These prisoners also have no right to access our civilian court systems. They committed their crimes outside of U.S. civilian court jurisdiction, which only applies in U.S. territories. Even if they had been operating in the U.S., our legal system traditionally deals with people who commit acts of war against the United States by trying them in a military tribunal system like the one we established at Guantanamo. In the absence of any law changing this legal precedent, this remains the proper, legal way of handling enemy combatants—as President Barack Obama (D) learned when his efforts to move them into the civilian system were stymied.
These kinds of tribunals are nothing new; they are how we have dealt with enemy combatants in every conflict we’ve ever engaged in. In one notable example during World War II, President Franklin D. Roosevelt (D) ordered eight Germans captured in the United States to be tried in a military tribunal for planning war crimes and sabotage. They were convicted, and the U.S. Supreme Court later upheld Roosevelt’s authority to have them tried in a military tribunal instead of the civilian court system (Ex parte Quirin, 317 US 1 (1942)).
Myth #2: The War Was ‘Endless’
Properly speaking, the War in Iraq ended a long time ago. The invasion began March 20, 2003, and President George W. Bush (R) announced the end of all major combat operations less than two months later on May 2. By comparison, our major combat operations in the Persian Gulf War went on for nearly seven months (August 2, 1990-February 28, 1991). Our major combat operations in Korea went on for just over three years (1950-1953). Our major combat operations in Vietnam lasted a bit less than eight years (1965-1973). Our major combat operations in World War II lasted about three years (1942-1945).
Since May 2, 2003, we have been in the midst of a military occupation, and soon even that will be largely over. This is not just a matter of semantics. An occupation has a very different character, in activity and rate of casualties, than a war. It is not without risk, and our brave soldiers are still falling victim to insurgent attacks, but the fact that we call them insurgent attacks rather than battles is because we are in an occupation not a war. To determine whether the Iraq war is ‘endless,’ we should compare it to past conflicts’ combined length of the war itself, its subsequent occupation, and our ongoing military presence afterwards.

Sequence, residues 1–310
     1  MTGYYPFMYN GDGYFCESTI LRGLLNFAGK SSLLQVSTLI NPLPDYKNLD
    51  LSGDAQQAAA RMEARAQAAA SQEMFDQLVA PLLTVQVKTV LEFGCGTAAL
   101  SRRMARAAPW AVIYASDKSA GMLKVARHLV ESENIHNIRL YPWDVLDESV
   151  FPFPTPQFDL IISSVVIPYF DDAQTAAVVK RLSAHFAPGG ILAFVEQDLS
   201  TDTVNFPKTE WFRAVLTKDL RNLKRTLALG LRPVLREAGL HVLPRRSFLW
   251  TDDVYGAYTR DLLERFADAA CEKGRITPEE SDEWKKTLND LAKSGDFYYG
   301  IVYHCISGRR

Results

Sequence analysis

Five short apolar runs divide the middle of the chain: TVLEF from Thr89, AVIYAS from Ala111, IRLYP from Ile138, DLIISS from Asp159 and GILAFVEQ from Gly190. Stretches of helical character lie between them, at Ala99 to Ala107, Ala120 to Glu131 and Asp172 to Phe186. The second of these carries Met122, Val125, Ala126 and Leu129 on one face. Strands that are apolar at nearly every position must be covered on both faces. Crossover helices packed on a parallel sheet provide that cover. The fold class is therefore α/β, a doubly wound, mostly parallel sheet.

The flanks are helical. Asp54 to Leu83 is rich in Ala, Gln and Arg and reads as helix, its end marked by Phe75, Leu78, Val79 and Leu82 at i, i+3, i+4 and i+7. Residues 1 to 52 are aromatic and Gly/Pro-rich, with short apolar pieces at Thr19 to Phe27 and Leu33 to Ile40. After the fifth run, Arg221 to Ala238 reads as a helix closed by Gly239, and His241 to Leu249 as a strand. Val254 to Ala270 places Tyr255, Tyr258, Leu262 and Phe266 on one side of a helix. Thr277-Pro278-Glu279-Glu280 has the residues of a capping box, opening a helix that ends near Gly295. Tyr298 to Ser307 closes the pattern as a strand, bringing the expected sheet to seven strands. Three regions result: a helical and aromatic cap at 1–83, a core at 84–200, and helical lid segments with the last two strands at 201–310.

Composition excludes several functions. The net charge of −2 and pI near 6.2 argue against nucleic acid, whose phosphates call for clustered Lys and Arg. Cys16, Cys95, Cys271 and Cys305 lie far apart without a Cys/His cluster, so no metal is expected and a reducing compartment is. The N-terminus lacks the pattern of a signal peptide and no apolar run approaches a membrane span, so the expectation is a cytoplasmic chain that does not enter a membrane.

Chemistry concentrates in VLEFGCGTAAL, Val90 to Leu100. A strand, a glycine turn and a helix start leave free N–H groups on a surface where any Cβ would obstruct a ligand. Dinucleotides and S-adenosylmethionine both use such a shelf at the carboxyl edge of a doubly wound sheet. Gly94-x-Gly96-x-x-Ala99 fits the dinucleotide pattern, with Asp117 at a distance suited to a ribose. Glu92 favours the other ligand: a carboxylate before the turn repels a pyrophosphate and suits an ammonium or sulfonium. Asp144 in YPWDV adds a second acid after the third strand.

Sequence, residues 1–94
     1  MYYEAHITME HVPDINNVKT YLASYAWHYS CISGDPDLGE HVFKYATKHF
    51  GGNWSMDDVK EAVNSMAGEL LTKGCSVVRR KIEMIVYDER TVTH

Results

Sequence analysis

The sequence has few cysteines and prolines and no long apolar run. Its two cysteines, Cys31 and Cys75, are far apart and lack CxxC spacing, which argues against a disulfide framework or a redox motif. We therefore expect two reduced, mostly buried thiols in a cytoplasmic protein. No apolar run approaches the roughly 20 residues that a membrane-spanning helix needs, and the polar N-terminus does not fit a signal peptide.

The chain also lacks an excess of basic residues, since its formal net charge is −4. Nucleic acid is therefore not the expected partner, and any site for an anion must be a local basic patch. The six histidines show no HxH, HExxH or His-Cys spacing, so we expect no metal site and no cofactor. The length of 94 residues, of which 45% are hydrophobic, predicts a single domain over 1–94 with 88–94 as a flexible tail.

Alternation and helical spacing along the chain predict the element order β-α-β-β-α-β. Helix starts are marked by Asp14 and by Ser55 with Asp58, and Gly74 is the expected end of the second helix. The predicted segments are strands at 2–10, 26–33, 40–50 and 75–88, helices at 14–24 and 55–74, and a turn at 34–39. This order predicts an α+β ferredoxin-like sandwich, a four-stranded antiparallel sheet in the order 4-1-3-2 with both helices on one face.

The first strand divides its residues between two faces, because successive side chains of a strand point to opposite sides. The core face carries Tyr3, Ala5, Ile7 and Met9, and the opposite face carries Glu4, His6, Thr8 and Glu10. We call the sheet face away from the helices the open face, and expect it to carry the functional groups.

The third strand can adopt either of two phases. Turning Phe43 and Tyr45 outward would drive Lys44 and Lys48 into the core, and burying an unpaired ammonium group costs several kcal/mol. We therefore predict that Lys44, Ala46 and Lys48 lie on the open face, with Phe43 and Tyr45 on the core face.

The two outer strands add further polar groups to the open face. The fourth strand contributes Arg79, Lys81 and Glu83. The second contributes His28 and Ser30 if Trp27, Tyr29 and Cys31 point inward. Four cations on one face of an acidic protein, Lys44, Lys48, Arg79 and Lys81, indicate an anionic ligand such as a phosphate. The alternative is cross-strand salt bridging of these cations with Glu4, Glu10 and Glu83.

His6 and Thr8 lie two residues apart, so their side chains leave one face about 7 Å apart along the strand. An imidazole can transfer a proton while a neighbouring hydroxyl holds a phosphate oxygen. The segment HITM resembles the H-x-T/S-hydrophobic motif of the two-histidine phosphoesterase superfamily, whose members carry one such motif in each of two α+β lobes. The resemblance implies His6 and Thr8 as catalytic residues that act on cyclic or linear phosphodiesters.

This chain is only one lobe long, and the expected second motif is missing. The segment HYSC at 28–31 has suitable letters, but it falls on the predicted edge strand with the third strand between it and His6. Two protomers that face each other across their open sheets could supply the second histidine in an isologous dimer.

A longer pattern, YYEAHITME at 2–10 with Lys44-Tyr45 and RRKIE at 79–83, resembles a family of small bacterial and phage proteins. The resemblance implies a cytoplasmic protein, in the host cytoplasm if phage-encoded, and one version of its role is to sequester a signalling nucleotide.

Assuming that President Barack Obama (D) has the vast majority of troops home from Iraq before March 2012, we have a comparison baseline of nine years. We can’t compare with the Persian Gulf War or Vietnam War since there was no military occupation at all in either case (although, even with the missing Vietnam occupation, Iraq still only comes in one year longer than our involvement there). Beyond our three-year war in Korea, we have maintained a full, battle-capable military force there since the armistice was signed in 1953. We still have 28,500 troops in Korea today, ready to defend the South against an invasion from the North. So, our comparison point in 2012 will be sixty-two years (and counting) to Iraq’s nine. World War II poses a similar problem, as we still maintain our military presence in both Germany (about 54,000 troops) and Japan (about 33,000 troops). Our comparison point for WWII in 2012 will be seventy years (and counting) to Iraq’s nine.
You might protest that our military forces in Germany, Japan, and Korea aren’t suffering from insurgent attacks, nor are the countries in question formally ‘occupied’ by the U.S. military. This is true today, but it wasn’t always so.
Let’s run through the numbers once more, comparing the length of time from the beginning of military action to either the last U.S. military death due to insurgency or enemy attack, or the end of the formal occupation. Two U.S. soldiers were killed by North Korean troops along the armistice line in the ‘Axe Murder Incident‘ on August 18, 1976, so Korea still comes in at twenty-six years to Iraq’s nine. No U.S. soldiers were verified killed by the German post-war insurgency, but the formal occupation continued until 1949, so the ever-efficient Germans come in at seven years to Iraq’s nine. Japan also had an ineffective or non-existent insurgency after WWII, but the Allied occupation of Japan continued until 1951, so Japan comes in tied with Iraq at nine years.
Even by this artificially adjusted measure, the length of time we’ve been in Iraq is stunningly average for a major U.S. military engagement.
Myth #3: The War Was Unilateral
There are two small nuggets of truth in the claim that the War in Iraq was a unilateral American action. First, the U.S. government petitioned the United Nations Security Council (UNSC) to either take action itself to enforce the many violated UNSC resolutions or authorize a ‘coalition of the willing’ to take action on its behalf. This effort was vetoed by China and Russia, who each enjoy unlimited veto power in the UNSC. As such, the war did not enjoy any formal U.N. endorsement. Second, the military force that ended up going into Iraq was dominated by the U.S. military. At its onset, our soldiers made up about seventy-six percent of the total invasion force.